Wednesday, January 18, 2012

Jazz: Trump's Journey - 2.99 (Bulkypix + Egg Ball)

Recently, Bulkypix has been on a hot-streak. Their newer publications of Save the Furries, Funny Hell, Another World, Mamba Nation Battle, Terra Noctis, and more, have thrown them right back into the hot seat, letting iOS gamers know that they know exactly what a top-notch, high-quality title is. Carrying on this streak of awesome releases, Jazz: Trump’s Journey, a co-production between Egg Ball and Bulkypix, just went live this week, and it does not disappoint.
You’ll play as Trump, a famous jazz musician who takes you on a journey through his memories of how he managed to get known in the 1920’s New Orleans Jazz scene. And not only is the game influenced by the music of the time, but also by the art, with the environments, characters, buildings, and backgrounds all influenced by paintings from 1920’s New Orleans. Another influence for the game is the biography of Louis Armstrong, whom the main character, Trump, even slightly resembles. There’s several aspects within the game that directly match Armstrong’s life; being raised by his grandmother, spending time in a prison where the in-mates were able to play music, and of course, playing the trumpet. The music you’ll hear throughout the game was recorded by live studio musicians, and with each band member that you team-up with throughout your journey will add to the soundtrack. Cut-scenes, which play out like old silent films, are also found within the game, with the characters talking to one-another, and then being taken to a screen where you can read the dialogue. Sadly though, the dialogue is filled with grammatical and capitalization errors. I know that there are quite a few gamers who feel that imperfect grammar is something that takes away from the immersion of games, which is very understandable. It can get very frustrating having to stop and re-think what it is that you‘ve just read, or missing out on a dialogue section because you were trying to understand what a character was saying, which is a problem during the silent film influenced cut-scenes, because the dialogue screens don’t stay on the screen for long.
As far as the controls are concerned, you’re given your typical platformer layout; left and right movement buttons in the bottom left corner, and a jump button in the bottom right. The left/right buttons are spaced pretty far apart, it would have been great if there was an option for gamers to set all the buttons wherever they wanted them, especially for playing on the iPad, which, right now, I can only assume would be fairly difficult with the spacing as it is now. There are other buttons that come into play as you progress through the game, and come across different environment pieces. When you get onto a ladder, or a rope, up and down movement buttons will appear above the left and right buttons, along the left side of the screen. There’s also a button for playing your trumpet once you find it, and doing so stops time for all objects with a musical icon outlined in green on them. There are other objects which are not effected by the time stops, and those have the same icon, only it’s outlined in red.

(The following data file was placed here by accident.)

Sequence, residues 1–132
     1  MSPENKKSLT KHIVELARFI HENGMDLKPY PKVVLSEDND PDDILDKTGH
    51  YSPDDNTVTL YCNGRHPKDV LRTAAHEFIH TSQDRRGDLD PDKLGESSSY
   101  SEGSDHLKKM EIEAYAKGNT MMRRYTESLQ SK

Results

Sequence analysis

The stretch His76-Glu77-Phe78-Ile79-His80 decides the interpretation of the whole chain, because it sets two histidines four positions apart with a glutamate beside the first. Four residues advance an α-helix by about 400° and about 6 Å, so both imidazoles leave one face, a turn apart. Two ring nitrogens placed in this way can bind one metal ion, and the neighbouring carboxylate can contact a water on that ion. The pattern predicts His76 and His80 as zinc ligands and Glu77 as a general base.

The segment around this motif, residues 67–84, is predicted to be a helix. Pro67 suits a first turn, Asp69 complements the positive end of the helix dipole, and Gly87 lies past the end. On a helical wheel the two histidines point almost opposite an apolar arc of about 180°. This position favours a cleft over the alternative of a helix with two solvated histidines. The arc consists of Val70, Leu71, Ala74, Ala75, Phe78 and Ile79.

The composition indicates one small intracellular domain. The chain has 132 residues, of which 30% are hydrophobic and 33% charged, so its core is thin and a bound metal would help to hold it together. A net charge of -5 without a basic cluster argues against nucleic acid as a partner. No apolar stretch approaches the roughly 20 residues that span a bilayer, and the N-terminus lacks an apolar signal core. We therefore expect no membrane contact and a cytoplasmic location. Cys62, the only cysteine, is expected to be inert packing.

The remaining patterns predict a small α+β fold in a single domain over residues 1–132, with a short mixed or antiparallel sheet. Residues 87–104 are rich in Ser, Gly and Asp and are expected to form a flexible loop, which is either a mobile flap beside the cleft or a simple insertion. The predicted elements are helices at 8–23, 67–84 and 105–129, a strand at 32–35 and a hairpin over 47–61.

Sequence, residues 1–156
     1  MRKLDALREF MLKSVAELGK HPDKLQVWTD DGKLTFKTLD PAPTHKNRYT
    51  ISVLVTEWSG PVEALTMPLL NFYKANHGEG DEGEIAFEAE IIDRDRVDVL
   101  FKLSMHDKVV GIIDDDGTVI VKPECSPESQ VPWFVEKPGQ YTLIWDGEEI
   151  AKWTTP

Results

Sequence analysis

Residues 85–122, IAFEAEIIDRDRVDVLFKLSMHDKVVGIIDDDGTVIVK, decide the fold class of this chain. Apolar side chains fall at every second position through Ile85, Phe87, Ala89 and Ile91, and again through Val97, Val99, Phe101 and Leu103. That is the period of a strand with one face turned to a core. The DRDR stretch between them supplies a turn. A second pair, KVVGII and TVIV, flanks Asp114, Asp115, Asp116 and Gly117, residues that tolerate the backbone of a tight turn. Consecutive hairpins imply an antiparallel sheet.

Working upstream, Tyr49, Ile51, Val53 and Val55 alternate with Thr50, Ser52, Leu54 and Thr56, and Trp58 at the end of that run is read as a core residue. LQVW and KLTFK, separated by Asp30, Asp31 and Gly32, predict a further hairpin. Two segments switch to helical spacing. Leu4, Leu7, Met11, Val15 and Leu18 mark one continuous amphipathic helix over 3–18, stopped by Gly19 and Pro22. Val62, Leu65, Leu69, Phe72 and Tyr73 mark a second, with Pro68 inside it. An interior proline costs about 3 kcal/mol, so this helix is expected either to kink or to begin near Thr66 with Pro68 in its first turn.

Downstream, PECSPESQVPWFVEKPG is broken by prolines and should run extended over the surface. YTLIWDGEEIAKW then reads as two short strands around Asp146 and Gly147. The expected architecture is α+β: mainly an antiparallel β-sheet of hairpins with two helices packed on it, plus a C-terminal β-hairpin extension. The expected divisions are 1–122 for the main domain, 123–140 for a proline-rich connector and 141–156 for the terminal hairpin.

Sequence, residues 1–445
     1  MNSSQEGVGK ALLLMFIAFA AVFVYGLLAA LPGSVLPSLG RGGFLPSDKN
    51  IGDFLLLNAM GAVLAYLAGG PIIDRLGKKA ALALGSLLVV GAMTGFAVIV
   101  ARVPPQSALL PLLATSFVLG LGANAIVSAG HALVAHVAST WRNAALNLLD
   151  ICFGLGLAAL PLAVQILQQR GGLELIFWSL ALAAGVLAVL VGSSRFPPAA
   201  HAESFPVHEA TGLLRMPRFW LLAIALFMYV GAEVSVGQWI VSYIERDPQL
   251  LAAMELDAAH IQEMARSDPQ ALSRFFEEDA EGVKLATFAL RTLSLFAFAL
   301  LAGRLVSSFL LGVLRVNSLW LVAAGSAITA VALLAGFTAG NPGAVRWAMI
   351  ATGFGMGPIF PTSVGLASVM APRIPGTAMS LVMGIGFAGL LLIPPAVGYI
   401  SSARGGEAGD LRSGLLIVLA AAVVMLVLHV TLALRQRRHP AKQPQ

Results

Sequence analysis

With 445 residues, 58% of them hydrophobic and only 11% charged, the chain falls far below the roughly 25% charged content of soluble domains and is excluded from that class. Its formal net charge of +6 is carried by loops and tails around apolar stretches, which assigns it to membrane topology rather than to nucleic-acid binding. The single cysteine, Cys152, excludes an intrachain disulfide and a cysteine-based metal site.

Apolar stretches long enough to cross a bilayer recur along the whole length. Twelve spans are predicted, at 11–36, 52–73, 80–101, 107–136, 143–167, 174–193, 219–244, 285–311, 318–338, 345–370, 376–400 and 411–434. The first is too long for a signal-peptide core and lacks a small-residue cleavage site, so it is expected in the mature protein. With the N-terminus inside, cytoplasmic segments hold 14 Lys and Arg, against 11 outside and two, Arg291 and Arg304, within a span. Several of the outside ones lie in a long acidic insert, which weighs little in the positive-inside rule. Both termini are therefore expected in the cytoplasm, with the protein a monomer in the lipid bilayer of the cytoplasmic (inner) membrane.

You can change direction mid-air, but only if you’re not wall jumping. This can lead to some frustration when needing to perfectly time your jumps, or when trying to cut back after jumping off of a surface you didn’t mean to. But the wall jumping does open up a lot of level design options, and here, the developers have done a great job utilizing that. Actually, the level design, and how each of the objects work together throughout the game to give players a bit of challenge, as well as adding in puzzle elements to the mix, has made for some of the best level design I’ve seen in an iOS platformer. All 13 of the levels utilize the wall-jumping, and are fairly large. Even though there’s only 13 levels, the game is decently sized for an iOS platformer.
Each of the levels has quite a few checkpoints, which you are able to backtrack to if you feel that you’ve missed something, or want to reset a puzzle. This can be done by pressing the icon in the top left corner. However, there are some checkpoints that do not register, and you could end up being sent back more than one checkpoint. It doesn’t happen often, and has never happened during spots where there was a sign in the background saying that you could go back to a checkpoint, but it does happen occasionally.
Even with it’s flaws, Jazz: Trump’s Journey, is a fantastically done, well made platformer. The art and music help to create an immersive environment which, as you progress through the game you’ll be able to very clearly see, was handled with extreme care. The inclusion of puzzles, especially later on in the game, makes for some pretty challenging sections, but also expand the gameplay quite a bit. With Jazz supporting GameCenter achievements, being Universal and only $2.99, it’s a great purchase for fans of the genre. It’s definitely a game that will stick with you for years.


Thank for the review :D
Egg Ball

This looks like a cool application for my Iphone. Thanks.

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